Listen to the interview here.

I got to hang out at a fabulous house party including many musicians – both “professional” and “amateur” – having a great time playing together. I loved getting exposed to the new sound of “Creole fiddle” and the genre of Western Swing, playing with the front man of the Bay Area based band The Saddle Cats.

There is a phenomenon in the change process that is a sure indicator that you’re making progress. You’ve gotten in the elevator to go up to the next level in your life, except none of the people from your previous life are getting out with you.

Since I’ve been living what’s amounted to a dual life over the past year or so, keeping a shiny happy face and presence (I’m good at “doing my job”) while feeling completely sapped of my life force and pursuing change actively at the same time, I’ve had the luck to have a new group join me in my elevator. Most of the business contacts I made as Lisa Chu The Adult – my commercial real estate leasing agent, my accountant, my recording engineer, and my film producer, just as examples – are thrilled beyond belief and not at all shocked at my transition. They’ve actually silently been waiting for me to discover my true path, knowing from the moment they met me that I wasn’t going to be happy for long just working with kids and their over-anxious parents.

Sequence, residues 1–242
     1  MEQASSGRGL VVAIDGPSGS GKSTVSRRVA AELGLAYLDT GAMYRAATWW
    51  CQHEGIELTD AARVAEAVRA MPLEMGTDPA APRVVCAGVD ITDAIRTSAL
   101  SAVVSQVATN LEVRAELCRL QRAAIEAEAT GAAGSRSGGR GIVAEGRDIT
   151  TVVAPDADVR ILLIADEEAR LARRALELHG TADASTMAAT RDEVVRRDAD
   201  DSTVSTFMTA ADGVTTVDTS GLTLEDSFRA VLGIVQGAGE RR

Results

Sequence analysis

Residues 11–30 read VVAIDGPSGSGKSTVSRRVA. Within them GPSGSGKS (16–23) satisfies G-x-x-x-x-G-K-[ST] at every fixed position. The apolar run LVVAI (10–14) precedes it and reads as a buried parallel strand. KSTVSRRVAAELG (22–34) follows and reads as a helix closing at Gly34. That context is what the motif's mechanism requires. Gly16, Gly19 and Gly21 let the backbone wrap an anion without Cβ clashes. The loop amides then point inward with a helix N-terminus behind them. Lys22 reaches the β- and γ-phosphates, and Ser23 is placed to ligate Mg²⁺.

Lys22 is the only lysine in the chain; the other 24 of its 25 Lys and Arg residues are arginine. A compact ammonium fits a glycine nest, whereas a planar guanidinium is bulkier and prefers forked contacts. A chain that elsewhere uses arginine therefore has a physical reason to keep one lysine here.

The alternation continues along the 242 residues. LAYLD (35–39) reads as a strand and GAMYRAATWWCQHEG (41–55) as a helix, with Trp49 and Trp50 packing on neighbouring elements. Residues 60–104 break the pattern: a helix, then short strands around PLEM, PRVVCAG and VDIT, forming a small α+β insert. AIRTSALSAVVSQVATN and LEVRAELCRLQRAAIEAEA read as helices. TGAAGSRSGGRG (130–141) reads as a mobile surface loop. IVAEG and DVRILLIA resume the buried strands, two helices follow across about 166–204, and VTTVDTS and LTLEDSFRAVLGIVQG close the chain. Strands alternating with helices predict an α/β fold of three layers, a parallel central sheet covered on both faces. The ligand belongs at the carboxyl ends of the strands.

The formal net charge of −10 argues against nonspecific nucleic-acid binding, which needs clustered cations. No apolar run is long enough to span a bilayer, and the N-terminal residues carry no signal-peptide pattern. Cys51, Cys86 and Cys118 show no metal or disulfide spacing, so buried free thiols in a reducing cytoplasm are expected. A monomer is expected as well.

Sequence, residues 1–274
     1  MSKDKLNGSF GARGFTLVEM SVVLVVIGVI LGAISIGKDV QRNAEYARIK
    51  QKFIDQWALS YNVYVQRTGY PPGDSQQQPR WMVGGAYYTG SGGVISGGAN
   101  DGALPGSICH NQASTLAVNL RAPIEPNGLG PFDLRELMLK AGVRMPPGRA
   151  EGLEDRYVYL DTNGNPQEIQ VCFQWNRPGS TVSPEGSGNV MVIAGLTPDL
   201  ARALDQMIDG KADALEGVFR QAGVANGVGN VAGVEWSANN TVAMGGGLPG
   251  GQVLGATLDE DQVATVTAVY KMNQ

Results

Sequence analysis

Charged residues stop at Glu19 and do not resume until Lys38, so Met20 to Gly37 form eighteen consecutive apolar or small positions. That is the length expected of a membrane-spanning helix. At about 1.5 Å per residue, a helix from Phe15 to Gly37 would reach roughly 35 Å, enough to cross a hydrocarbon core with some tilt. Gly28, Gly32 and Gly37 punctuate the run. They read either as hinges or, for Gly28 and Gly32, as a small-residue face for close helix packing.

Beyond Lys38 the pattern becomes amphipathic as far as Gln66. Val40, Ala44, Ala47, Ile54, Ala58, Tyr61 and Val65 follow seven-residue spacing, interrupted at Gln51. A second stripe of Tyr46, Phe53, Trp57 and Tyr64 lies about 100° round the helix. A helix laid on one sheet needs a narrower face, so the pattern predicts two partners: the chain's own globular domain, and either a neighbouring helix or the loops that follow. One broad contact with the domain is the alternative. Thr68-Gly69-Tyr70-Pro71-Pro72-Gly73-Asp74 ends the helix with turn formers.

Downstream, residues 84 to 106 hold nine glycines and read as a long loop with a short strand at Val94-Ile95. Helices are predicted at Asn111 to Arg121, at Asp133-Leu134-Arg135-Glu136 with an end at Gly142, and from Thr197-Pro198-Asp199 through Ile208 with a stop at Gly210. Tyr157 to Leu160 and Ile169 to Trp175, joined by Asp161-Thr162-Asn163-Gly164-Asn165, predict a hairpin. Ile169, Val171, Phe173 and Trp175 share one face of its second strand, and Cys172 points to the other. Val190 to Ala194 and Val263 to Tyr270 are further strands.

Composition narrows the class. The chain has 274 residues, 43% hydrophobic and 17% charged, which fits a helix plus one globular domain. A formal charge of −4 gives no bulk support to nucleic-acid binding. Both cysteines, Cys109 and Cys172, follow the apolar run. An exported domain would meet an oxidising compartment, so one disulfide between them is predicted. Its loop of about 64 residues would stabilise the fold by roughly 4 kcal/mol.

I have gotten so many sincerely supportive notes from friends locally and around the world (three dear friends of mine recently moved abroad and now live in Asia temporarily). Not just the fake, “That sounds so exciting!” email, but the real “getting it” of knowing how much I had to let go of in order to take one step into the unknown.